"[We] believe in promoting a positive image of professional football players as athletes and young men

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Were the NFL Players Protesting Police Brutality or Trump On Sunday?

NFL's Oakland Raiders Take A Knee

President Donald Trump’s condemnation of athletes who don’t stand during the national anthem moved more athletes to take a knee during the pre-game tradition on Sunday than did Colin Kaepernick’s months-long peaceful protests against police brutality last year.

During Sunday’s football games, a number of players took part in a widespread protest of the national anthem.

Yet, the only update in the yearlong controversy of whether athletes should mix their politics with their profession was that a widely abhorred president chastised it.

Prior to Trump’s strongly worded criticisms of the NFL at an Alabama rally on Friday, NFL players were privy to the suffering police brutality was causing in the Black community. They knew the killings of unarmed Black men were so frighteningly frequent, former fellow player Kaepernick was compelled to risk his career to protest it. They didn’t—or shouldn’t have—needed strongly worded opposition from an unstable president to realize the urgency of the former San Francisco 49er’s game-changing movement.

So did the NFL players know why they were kneeling on Sunday?

The players may have simply been rebelling against Trump to prove their right to free speech after the president verbally attacked the league. Or some players may have collectively decided White supremacy has done too much talking and it was finally time to use their platform as a tool of resistance. A few others (*cough* Ray Lewis *cough*) may have just been fearful that if they opted out of this protest yet again they’d confirm their status as absolute sellouts.

We can’t confirm what any of the players were thinking when they chose to take a knee for the first time. But what we do know is police killings such as those that moved Kaepernick to action in August have yet to have the same effect on the majority of the players.

Last week, former St. Louis police officer Jason Stockley was acquitted for killing Black motorist Anthony Lamar Smith in 2011. If anything, Stockley’s freedom should have incited a wave of protests. Yet, by instructing NFL players to “get that son of a b**tch off the field” in reference to national anthem protesters, Trump simply rehashed what the NFL was, in essence, already doing by blackballing Kaepernick.

The hypocrisies of other players left little room for question in their motives. Former Ravens player Ray Lewis and Buffalo Bills’ LeSean McCoy criticized Kaepernick’s act of resistance within the past two months yet still sat out the anthem on Sunday.

@jemelehill 😩😂 #pettypost #raylewis

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Calls for players to #taketheknee that began circulating on social media Saturday—as well as the general offense taken in Trump’s comments—probably made it easier for those who were scared to take a knee prior to the weekend. Not only did NFL bigwigs perform indignation, a fair number of people felt their president’s statements were harsh, unnecessary and insensitive.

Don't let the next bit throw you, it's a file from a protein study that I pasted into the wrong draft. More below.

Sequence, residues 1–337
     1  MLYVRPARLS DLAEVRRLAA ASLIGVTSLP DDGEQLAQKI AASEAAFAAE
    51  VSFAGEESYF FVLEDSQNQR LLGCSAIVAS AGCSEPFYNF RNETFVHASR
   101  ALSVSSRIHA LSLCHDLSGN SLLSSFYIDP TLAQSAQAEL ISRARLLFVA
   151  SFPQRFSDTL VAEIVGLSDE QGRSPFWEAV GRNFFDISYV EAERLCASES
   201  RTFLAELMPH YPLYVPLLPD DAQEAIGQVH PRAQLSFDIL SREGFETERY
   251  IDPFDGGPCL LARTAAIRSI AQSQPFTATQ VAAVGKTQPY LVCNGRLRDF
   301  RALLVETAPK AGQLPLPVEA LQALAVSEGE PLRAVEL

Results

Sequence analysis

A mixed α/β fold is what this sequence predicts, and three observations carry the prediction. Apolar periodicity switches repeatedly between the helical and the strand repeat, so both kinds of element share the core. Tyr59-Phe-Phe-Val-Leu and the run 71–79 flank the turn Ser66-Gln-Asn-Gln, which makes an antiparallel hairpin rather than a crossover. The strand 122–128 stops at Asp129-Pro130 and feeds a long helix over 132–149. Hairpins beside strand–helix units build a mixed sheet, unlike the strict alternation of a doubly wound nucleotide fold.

Trump’s callous and dog-whistle language forced athletic players to realize the pressing need for unity among one another—which folks such as Lewis and McCoy resisted when they spoke out against Kaepernick. Shows of solidarity among the league are touching and all, but protesting the national anthem is much larger than the league. Taking a knee isn’t about coming together against a hot-headed White supremacist, it’s about calling attention to the lives regularly being lost to these supremacists during traffic stops and while walking home from the store.

Kaepernick’s kneeling was certainly an exercise in freedom of speech, but its purpose was to draw attention to the rampant police killings of Black people. The majority of the movement Sunday was more than likely well-intentioned but it appears the significance of kneeling has either been lost on some of the players or they’re simply worried about the wrong things.

Will NFL players continue to follow in Kaepernick’s footsteps or was Sunday’s opting out just a temporary form of rebellion? We’re interested to see what will happen in the games to come.

The post Were the NFL Players Protesting Police Brutality or Trump On Sunday? appeared first on EBONY.

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4 reasons Trump thinks NFL players are a good target (and 1 big reason he’s wrong)

On Friday night, President Donald Trump began a full frontal assault against NFL players who refused to stand during the national anthem — deriding them as “sons of bitches.” On Sunday night, he was still at it, tweeting: “Sports fans should never condone players that do not stand proud for their National Anthem or their Country. NFL should change policy!”